A fragment of Amelia Earhart's lost aircraft has been identified to a high degree of certainty for the first time ever since her plane vanished over the Pacific Ocean on July 2, 1937, in a record attempt to fly around the world at the equator.
New research strongly suggests that a piece of aluminum aircraft debris recovered in 1991 from Nikumaroro, an uninhabited atoll in the southwestern Pacific republic of Kiribati, does belong to Earhart's twin-engined Lockheed Electra.
According to researchers at The International Group for Historic Aircraft Recovery (TIGHAR), which has long been investigating the last, fateful flight taken by Earhart 77 years ago, the aluminum sheet is a patch of metal installed on the Electra during the aviator's eight-day stay in Miami, which was the fourth stop on her attempt to circumnavigate the globe. (The patch replaced a navigational window. Above, a Miami Herald photo shows the Electra departing for San Juan, Puerto Rico on the morning of Tuesday, June 1, 1937 with a shiny patch of metal where the window had been. Below, forensic imaging of photos of the patch show that its borders were roughly the same as the window frame it replaced.)
"The Miami Patch was an expedient field repair," Ric Gillespie, executive director of TIGHAR, told Discovery News. "Its complex fingerprint of dimensions, proportions, materials and rivet patterns was as unique to Earhart's Electra as a fingerprint is to an individual."
TIGHAR researchers went to Wichita Air Services in Newton, Kans., and compared the dimensions and features of the Artifact 2-2-V-1, as the metal sheet found on Nikumaroro was called, with the structural components of a Lockheed Electra being restored to airworthy condition:
The rivet pattern and other features on the 19-inch-wide by 23-inch-long Nikumaroro artifact matched the patch and lined up with the structural components of the Lockheed Electra. TIGHAR detailed the finding in a report on its website.
"This is the first time an artifact found on Nikumaroro has been shown to have a direct link to Amelia Earhart," Gillespie said.
The breakthrough would prove that, contrary to what was generally believed, Earhart and her navigator, Fred Noonan, did not crash in the Pacific Ocean, running out of fuel somewhere near their target destination of Howland Island.
Instead, they made a forced landing on Nikumaroro' smooth, flat coral reef. The two became castaways and eventually died on the atoll, which is some 350 miles southeast of Howland Island.
In 10 archaeological expeditions to Nikumaroro, Gillespie and his team uncovered a number of artifacts which, combined with archival research, provide strong circumstantial evidence for a castaway presence.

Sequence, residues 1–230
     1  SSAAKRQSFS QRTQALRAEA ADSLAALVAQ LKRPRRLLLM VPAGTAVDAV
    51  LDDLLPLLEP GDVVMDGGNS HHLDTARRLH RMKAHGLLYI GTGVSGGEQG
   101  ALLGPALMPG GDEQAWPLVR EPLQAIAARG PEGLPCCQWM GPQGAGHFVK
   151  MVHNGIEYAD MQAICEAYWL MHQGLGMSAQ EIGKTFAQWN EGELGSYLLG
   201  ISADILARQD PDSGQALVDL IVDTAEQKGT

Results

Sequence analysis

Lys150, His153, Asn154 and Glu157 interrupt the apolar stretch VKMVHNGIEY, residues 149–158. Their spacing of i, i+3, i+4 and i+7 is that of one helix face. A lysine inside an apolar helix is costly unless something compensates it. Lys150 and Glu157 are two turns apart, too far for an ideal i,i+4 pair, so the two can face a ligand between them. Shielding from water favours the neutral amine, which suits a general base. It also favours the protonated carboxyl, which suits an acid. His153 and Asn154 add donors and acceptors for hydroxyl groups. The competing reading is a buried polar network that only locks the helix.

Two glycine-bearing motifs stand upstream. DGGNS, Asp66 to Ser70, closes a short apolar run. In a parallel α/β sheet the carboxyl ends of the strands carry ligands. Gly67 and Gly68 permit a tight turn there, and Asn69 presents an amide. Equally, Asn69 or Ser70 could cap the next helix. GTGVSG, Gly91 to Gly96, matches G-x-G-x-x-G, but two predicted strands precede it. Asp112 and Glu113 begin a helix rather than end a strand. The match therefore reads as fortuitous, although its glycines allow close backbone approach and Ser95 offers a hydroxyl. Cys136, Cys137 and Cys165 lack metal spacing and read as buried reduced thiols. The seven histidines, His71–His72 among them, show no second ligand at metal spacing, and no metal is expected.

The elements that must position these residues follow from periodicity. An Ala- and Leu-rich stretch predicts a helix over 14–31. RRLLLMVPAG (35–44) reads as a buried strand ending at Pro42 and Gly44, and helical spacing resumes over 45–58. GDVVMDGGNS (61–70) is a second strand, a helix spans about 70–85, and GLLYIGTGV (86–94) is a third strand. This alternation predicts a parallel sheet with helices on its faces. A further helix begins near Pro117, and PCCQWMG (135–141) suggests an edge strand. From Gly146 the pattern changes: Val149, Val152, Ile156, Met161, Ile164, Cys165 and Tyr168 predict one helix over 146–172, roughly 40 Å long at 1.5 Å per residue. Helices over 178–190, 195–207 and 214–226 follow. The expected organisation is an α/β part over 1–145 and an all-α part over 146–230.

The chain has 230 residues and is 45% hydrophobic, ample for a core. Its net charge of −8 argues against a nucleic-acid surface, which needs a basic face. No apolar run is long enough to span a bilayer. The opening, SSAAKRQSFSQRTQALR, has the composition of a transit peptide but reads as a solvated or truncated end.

"Earhart sent radio distress calls for at least five nights before the Electra was washed into the ocean by rising tides and surf," Gillespie said.
Previous research on a photograph of Nikumaroro's western shoreline taken three months after Earhart's disappearance revealed an unexplained object protruding from the water on the fringing reef.
Forensic imaging analyses of the photo suggested that the shape and dimension of the object are consistent with the landing gear of a Lockheed Electra.
Moreover, an "anomaly" that might possibly be the wreckage of Amelia Earhart's aircraft emerged from analysis of the sonar imagery captured off Nikumaroro during TIGHAR's last expedition:
The object rests at a depth of 600 feet at the base of a cliff just offshore where, according to TIGHAR, the Electra was washed into the ocean. An analysis of the anomaly by Ocean Imaging Consultants, Inc. of Honolulu, experts in post-processing sonar data, revealed the anomaly to be the right size and shape to be the fuselage of Earhart's aircraft.
The new research on Artifact 2-2-V-1 may reinforce the possibility that the anomaly is the rest of the aircraft.
"The many fractures, tears, dents and gouges found on this battered sheet of aluminum may be important clues to the fate and resting place of the Electra," Gillespie said.
In June 2015, TIGHAR will return to Nikumaroro to investigate the anomaly with Remote Operated Vehicle (ROV) technology supported by Nai'a, a 120-foot Fiji-based vessel that has served five previous TIGHAR explorations.
During the 24-day expedition, divers will search for other wreckage at shallower depths and an onshore search team will seek to identify objects detected in historical photographs that may be relics of an initial survival camp.
"Funding is being sought, in part, from individuals who will make a substantial contribution in return for a place on the expedition team," Gillespie said.